Cori- Discussion (25 min total) Journal (5 min): What struck you (or what did you notice) about the protocol process? Where did you see evidence of equity, time management, shared intelligence, and safety? Keep Talking protocol (4 min) Find a partner that you havent talk to yet today. Talk for 1 min. without stopping about question 1. Find a new partner for question 2. Purpose to practice active listening (no responding to the talker) new insights come out after talking for a while Whole group share out (15min) Popcorn out evidence of each benefit Mindy- Take home: Pass out packets containing various protocols that could be used in the classroom. If time, talk about how we have used them in our rooms.

This was the agenda we gave to our participants:

Scaffolding Collaboration: Using Protocols in the Classroom

Mindy Ahrens

Melissa Han

Cori Brooks

Building community Welcome/introductions Post it game

What is a protocol? -a safe, structured conversation -a tool for making classroom conversations go well Benefits Equity Time Group Intelligence Safe Environment

Success analysis protocol (adapted)

Discussion Journal What struck you (or what did you notice) about the protocol process? Where did you see evidence of equity, time management, shared intelligence, and safety? Keep Talking protocol Whole group share out

Protocol Resources McDonald, J., Mohr, N., Dichter, A., & McDonald, E. (2007). The power of protocols: An educator's guide to better practice. (2nd ed.). New York, NY: Teachers College Press. National School Reform Faculty: Center for Collaborative Education: High Tech High Graduate School of Education:

Since we were going to build on conversation experiences that have gone well, we decided to use the Success Analysis Protocol and adapt it for the workshop. We gave each participant a copy of the protocol:


Purpose To engage colleagues in collaborative analysis of cases from practice in order to understand the circumstances and actions that make them successful ones, then to apply this understanding to future practice. Norms Hard on the content, soft on the people Share the air Be kind, helpful and specific Steps 1. Preparing a case (5 min) Reflect and write about a specific time where a classroom discussion worked well. Each participant reflects and writes a short case describing one area where they are finding success or making progress in their practice. The case should include specific details concerning his/her own involvement in it what he/she did that may have contributed to its success. It should also account for other factors that may underlie the success, including any favorable conditions. 2. Sharing (2 min each) In small groups, the first person shares his or her case of successful practice. Others take notes. This continues for each group member. 3. Compilation (10 min) The group compiles on chart paper a list of specific successful behaviors and underlying principles that seem characteristic of the cases presented. 4. Debriefing (5 min) The facilitator leads a debrief on the experience, focusing on the following: What worked well? How might teachers or students use this protocol or a variation of it to reflect on their work?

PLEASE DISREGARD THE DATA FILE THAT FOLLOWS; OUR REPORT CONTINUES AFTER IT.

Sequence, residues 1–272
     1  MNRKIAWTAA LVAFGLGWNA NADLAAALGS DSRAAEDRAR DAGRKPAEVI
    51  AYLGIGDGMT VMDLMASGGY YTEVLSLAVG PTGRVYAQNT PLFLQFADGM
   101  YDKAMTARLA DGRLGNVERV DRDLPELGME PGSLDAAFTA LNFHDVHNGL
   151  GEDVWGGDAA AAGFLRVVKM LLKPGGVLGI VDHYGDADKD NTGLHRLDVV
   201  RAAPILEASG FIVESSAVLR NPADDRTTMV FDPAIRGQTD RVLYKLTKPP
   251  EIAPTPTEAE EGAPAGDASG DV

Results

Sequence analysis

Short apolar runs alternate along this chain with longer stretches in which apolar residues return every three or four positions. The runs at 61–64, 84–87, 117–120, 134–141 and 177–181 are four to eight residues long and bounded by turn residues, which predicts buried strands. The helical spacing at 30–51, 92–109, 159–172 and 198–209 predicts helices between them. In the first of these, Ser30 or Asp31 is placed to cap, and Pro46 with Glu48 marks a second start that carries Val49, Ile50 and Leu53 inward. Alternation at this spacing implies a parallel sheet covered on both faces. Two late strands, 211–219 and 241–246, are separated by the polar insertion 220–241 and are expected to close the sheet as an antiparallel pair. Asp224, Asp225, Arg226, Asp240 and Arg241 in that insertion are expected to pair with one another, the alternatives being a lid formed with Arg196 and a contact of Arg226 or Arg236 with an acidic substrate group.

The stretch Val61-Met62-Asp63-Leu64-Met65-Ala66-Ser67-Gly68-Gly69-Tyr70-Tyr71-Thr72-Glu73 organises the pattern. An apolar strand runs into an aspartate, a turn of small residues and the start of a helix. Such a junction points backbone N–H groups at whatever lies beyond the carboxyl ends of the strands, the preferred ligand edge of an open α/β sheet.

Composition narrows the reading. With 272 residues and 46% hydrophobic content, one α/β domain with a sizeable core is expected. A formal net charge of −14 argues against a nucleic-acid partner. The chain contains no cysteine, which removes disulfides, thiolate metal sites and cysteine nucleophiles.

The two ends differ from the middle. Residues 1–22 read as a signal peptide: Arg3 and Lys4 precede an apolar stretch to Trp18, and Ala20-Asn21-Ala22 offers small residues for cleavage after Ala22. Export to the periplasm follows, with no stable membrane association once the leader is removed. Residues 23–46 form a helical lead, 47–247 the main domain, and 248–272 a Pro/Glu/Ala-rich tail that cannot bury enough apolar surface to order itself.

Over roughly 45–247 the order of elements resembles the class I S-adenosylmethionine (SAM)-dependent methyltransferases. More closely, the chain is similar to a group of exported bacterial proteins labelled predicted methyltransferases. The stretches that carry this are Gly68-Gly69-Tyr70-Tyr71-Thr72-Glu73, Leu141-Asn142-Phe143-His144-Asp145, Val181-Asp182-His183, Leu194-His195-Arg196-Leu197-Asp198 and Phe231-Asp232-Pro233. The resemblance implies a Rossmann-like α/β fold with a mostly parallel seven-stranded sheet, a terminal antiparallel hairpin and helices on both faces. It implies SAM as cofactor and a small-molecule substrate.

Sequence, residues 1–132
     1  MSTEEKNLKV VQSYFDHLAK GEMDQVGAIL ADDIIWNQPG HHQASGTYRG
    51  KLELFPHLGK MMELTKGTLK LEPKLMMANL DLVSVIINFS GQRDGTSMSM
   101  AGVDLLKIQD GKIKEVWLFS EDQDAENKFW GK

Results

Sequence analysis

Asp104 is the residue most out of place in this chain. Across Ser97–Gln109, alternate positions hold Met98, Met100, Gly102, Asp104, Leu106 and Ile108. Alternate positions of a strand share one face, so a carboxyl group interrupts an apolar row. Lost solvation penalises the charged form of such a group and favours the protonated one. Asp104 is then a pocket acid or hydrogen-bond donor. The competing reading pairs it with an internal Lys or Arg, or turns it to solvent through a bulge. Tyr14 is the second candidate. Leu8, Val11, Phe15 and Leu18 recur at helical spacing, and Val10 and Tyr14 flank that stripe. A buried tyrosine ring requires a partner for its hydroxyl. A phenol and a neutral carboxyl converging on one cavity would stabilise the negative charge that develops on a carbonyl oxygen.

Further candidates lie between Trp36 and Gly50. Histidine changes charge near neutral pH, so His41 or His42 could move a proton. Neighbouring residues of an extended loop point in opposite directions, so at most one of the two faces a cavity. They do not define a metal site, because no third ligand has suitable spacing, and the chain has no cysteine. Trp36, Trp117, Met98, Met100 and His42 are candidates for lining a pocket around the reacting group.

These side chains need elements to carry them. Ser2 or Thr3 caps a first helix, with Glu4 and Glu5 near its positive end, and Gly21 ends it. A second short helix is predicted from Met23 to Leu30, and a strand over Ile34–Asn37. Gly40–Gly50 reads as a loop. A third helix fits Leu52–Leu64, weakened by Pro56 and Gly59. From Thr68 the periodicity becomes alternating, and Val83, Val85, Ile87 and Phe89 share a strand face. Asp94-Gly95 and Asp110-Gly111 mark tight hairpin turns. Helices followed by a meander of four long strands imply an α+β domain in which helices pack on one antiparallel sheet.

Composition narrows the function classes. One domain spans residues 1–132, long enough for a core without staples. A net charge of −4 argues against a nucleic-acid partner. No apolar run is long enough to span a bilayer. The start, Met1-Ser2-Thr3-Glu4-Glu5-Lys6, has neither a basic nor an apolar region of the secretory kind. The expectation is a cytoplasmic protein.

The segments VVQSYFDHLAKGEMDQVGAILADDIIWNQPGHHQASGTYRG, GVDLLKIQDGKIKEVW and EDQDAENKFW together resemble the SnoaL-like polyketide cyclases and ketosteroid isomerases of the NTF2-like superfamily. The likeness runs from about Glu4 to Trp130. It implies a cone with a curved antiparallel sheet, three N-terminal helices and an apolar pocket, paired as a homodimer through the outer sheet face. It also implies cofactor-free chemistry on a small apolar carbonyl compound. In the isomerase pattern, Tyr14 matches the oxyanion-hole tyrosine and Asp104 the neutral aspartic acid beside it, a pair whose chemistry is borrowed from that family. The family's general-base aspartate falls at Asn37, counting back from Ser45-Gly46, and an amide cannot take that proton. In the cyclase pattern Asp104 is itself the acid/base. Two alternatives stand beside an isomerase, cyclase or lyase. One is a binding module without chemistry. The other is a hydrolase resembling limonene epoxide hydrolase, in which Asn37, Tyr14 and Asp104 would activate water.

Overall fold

There were a few unknowns that could affect the flow and timing of our workshop. We didnt know who would come to our workshop since many other workshops were offered at that same time, but after looking at the conference program ours was the only workshop about the use of protocols. We assumed that since we described our workshop as more of an introduction to the value of using protocols in the classroom, our participants would be new to the idea of protocols. This was our workshop description:
Scaffolding Collaboration: Using Protocols in the Classroom
Mindy Ahrens and Melissa Han High Tech Middle and Audubon K-8 Thread: Structures and Strategies to support Deeper Learning Do you have trouble getting students to work together? Do you notice that the same students are always speaking up while others hide behind them. We propose a solution to this problem by

offering various protocols to fit different learning situations in your classroom. Come experience a protocol for yourself and discover why they allow all voices to be heard and create a collaborative culture.